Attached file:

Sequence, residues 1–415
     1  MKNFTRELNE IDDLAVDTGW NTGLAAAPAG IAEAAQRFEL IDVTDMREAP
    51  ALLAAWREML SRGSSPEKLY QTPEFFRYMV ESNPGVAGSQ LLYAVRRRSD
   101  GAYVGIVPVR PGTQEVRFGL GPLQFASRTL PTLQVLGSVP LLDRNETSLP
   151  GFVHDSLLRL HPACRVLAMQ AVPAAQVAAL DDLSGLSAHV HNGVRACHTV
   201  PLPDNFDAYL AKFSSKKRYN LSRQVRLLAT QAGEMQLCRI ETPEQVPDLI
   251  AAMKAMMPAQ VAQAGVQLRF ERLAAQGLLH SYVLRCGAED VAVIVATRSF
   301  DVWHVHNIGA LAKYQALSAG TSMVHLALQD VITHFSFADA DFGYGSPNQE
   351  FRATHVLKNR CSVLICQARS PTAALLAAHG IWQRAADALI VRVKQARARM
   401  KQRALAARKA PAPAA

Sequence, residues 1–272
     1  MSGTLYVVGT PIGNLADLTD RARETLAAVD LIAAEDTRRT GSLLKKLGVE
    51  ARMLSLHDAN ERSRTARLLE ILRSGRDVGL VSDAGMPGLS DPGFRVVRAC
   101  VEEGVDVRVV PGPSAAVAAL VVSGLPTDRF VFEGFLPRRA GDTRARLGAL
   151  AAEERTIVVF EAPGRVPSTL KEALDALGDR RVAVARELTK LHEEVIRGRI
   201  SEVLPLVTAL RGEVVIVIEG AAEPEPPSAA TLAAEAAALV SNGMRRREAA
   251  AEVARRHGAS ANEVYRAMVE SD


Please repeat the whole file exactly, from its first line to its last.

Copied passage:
Sequence, residues 1–415
     1  MKNFTRELNE IDDLAVDTGW NTGLAAAPAG IAEAAQRFEL IDVTDMREAP
    51  ALLAAWREML SRGSSPEKLY QTPEFFRYMV ESNPGVAGSQ LLYAVRRRSD
   101  GAYVGIVPVR PGTQEVRFGL GPLQFASRTL PTLQVLGSVP LLDRNETSLP
   151  GFVHDSLLRL HPACRVLAMQ AVPAAQVAAL DDLSGLSAHV HNGVRACHTV
   201  PLPDNFDAYL AKFSSKKRYN LSRQVRLLAT QAGEMQLCRI ETPEQVPDLI
   251  AAMKAMMPAQ VAQAGVQLRF ERLAAQGLLH SYVLRCGAED VAVIVATRSF
   301  DVWHVHNIGA LAKYQALSAG TSMVHLALQD VITHFSFADA DFGYGSPNQE
   351  FRATHVLKNR CSVLICQARS PTAALLAAHG IWQRAADALI VRVKQARARM
   401  KQRALAARKA PAPAA

Sequence, residues 1–272
     1  MSGTLYVVGT PIGNLADLTD RARETLAAVD LIAAEDTRRT GSLLKKLGVE
    51  ARMLSLHDAN ERSRTARLLE ILRSGRDVGL VSDAGMPGLS DPGFRVVRAC
   101  VEEGVDVRVV PGPSAAVAAL VVSGLPTDRF VFEGFLPRRA GDTRARLGAL
   151  AAEERTIVVF EAPGRVPSTL KEALDALGDR RVAVARELTK LHEEVIRGRI
   201  SEVLPLVTAL RGEVVIVIEG AAEPEPPSAA TLAAEAAALV SNGMRRREAA
   251  AEVARRHGAS ANEVYRAMVE SD